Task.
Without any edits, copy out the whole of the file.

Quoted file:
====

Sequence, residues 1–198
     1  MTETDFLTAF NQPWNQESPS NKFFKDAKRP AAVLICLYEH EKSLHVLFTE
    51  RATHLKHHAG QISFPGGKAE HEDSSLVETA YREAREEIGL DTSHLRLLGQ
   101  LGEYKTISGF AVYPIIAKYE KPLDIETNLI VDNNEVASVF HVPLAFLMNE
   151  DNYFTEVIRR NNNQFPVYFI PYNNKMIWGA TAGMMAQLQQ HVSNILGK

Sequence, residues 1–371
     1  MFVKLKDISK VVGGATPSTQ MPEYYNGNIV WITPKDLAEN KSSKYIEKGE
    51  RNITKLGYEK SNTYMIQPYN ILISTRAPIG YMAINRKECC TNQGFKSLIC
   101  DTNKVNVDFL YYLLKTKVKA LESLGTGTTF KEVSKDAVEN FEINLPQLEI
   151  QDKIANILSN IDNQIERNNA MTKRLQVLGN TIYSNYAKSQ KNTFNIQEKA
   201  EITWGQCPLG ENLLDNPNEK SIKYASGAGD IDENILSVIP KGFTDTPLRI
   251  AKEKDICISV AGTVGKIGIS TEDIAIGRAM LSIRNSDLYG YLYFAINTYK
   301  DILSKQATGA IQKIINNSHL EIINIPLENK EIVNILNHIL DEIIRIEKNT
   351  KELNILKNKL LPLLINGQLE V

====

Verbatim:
Sequence, residues 1–198
     1  MTETDFLTAF NQPWNQESPS NKFFKDAKRP AAVLICLYEH EKSLHVLFTE
    51  RATHLKHHAG QISFPGGKAE HEDSSLVETA YREAREEIGL DTSHLRLLGQ
   101  LGEYKTISGF AVYPIIAKYE KPLDIETNLI VDNNEVASVF HVPLAFLMNE
   151  DNYFTEVIRR NNNQFPVYFI PYNNKMIWGA TAGMMAQLQQ HVSNILGK

Sequence, residues 1–371
     1  MFVKLKDISK VVGGATPSTQ MPEYYNGNIV WITPKDLAEN KSSKYIEKGE
    51  RNITKLGYEK SNTYMIQPYN ILISTRAPIG YMAINRKECC TNQGFKSLIC
   101  DTNKVNVDFL YYLLKTKVKA LESLGTGTTF KEVSKDAVEN FEINLPQLEI
   151  QDKIANILSN IDNQIERNNA MTKRLQVLGN TIYSNYAKSQ KNTFNIQEKA
   201  EITWGQCPLG ENLLDNPNEK SIKYASGAGD IDENILSVIP KGFTDTPLRI
   251  AKEKDICISV AGTVGKIGIS TEDIAIGRAM LSIRNSDLYG YLYFAINTYK
   301  DILSKQATGA IQKIINNSHL EIINIPLENK EIVNILNHIL DEIIRIEKNT
   351  KELNILKNKL LPLLINGQLE V